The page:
Three hundred twenty-six million dollars. $10,880,000 per club. This, as ESPN's Jeff Passan explained in a column and while speaking on "Get Up" on Friday, is what separates MLB owners and the MLB Players Association in negotiations to start the season amid the coronavirus pandemic.
In short, the owners are pushing for a 48-game schedule with pro-rated salaries for the pandemic-shortened season. Players, meanwhile, want 82 games with pro-rated pay.
The union announced on Thursday night it rejected the league's request for additional concessions.
MLB insider Jon Heyman reported last week that MLB was targeting June 10 for the start of spring training 2.0. That is no longer an option, however, as players and other personnel haven't quarantined or undergone mass testing protocols in preparation for a preseason resumption.
Despite growing pessimism among both parties and outside observers that the owners and players will put pen to paper on an agreement, Passan gave fans some reason for hope on Friday while speaking with Mike Greenberg:
"I think they're going to figure it out. I think there's going to be baseball back on the field this season. It just depends on what it's going to look like.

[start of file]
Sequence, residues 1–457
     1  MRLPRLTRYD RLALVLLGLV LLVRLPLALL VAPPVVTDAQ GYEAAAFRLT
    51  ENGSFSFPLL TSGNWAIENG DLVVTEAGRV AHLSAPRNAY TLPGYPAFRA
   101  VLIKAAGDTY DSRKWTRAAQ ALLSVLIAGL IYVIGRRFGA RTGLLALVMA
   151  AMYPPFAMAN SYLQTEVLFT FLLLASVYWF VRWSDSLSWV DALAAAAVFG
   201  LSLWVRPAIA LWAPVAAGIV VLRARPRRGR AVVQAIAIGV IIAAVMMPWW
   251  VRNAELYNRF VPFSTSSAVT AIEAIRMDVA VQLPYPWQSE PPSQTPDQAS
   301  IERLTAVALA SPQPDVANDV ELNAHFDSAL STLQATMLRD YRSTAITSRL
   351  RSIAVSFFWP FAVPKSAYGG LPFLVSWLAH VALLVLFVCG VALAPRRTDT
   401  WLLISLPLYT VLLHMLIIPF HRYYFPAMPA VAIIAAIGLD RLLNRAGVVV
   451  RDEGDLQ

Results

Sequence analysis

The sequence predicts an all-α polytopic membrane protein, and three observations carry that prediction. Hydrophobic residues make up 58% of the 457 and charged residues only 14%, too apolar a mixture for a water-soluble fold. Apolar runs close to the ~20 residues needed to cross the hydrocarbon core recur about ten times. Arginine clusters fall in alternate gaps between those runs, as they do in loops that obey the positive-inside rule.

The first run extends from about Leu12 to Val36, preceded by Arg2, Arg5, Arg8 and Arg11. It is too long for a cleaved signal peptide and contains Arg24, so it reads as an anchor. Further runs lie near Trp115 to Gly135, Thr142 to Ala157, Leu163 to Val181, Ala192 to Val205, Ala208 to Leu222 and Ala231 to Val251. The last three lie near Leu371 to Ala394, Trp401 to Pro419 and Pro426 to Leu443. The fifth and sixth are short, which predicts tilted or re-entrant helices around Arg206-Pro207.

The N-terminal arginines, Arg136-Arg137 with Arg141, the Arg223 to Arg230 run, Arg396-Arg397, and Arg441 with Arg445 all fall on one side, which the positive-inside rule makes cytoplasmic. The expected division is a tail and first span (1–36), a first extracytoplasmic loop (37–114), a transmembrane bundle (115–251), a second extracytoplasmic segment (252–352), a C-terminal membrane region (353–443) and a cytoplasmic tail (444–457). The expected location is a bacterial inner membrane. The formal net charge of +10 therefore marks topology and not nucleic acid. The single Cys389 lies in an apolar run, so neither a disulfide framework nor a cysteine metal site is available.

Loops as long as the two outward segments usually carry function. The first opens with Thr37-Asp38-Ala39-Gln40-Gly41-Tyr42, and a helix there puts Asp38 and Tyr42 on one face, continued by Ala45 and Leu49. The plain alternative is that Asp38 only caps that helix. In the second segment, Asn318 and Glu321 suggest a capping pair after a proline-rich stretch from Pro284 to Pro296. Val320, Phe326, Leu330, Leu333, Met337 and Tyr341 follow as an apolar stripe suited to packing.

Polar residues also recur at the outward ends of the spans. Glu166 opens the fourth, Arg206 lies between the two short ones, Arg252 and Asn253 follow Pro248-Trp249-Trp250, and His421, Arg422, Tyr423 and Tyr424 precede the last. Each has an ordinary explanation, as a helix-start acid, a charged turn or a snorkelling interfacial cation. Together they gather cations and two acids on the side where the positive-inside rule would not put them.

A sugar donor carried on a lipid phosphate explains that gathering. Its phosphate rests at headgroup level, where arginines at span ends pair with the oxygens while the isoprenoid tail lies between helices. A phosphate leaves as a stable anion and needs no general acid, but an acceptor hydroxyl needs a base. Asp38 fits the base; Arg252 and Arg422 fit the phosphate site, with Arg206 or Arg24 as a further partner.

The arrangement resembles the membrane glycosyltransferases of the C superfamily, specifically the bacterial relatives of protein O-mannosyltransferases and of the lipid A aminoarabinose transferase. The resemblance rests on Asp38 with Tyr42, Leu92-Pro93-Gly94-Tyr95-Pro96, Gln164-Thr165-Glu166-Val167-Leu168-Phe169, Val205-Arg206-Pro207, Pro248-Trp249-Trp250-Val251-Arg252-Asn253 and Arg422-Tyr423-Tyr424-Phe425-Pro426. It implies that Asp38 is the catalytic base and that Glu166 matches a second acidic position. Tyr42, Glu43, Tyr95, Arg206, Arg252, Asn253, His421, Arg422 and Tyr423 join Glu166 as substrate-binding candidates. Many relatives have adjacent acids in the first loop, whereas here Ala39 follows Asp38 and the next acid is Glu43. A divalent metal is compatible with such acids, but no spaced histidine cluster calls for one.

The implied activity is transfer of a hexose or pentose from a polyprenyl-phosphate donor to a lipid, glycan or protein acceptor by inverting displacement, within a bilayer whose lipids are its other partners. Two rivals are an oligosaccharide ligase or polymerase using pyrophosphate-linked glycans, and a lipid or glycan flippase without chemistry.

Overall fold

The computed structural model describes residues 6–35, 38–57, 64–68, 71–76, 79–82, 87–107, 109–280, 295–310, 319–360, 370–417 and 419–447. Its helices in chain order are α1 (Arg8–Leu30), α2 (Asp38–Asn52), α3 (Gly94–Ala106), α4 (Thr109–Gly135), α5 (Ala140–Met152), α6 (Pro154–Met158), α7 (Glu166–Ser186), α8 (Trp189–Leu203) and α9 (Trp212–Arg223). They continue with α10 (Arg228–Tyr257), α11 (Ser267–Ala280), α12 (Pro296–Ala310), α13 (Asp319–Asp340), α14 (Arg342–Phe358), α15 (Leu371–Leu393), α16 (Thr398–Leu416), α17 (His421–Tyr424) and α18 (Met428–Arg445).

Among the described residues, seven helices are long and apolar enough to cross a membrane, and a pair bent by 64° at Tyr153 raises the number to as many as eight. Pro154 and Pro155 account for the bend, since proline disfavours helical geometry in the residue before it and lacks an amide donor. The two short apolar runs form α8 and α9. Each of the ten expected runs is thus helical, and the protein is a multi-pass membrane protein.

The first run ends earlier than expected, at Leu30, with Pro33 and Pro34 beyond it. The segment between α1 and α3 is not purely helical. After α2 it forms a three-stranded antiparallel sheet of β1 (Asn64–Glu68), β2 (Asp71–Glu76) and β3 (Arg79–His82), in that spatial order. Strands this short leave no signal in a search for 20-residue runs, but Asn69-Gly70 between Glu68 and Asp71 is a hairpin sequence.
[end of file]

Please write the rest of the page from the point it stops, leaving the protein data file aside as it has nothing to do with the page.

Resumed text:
"Remember that MLB has the option of unilaterally implementing a schedule. (MLB commissioner) Rob Manfred can come and say 'we're gonna play 48 games this year whether you guys like it or not' per the March agreement that they have.
"Now, the players can say 'you're not gonna have expanded playoffs. You're not gonna have mic'd up players. You're not gonna have any help from us with your business ventures going forward.' But I would like to believe that there is a place in the middle where they can meet, where they can get a representative schedule. Because 48 games just simply doesn't cut it."
In March, owners and players agreed to pro-rated salaries for a shortened campaign, but the league retained the authority to determine the number of games played through the playoffs and World Series.
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